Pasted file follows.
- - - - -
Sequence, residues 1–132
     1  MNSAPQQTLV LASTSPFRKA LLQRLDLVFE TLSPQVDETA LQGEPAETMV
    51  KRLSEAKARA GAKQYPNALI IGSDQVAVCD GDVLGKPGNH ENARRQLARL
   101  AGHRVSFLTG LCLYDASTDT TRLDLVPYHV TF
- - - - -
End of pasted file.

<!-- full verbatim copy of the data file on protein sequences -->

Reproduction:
Sequence, residues 1–132
     1  MNSAPQQTLV LASTSPFRKA LLQRLDLVFE TLSPQVDETA LQGEPAETMV
    51  KRLSEAKARA GAKQYPNALI IGSDQVAVCD GDVLGKPGNH ENARRQLARL
   101  AGHRVSFLTG LCLYDASTDT TRLDLVPYHV TF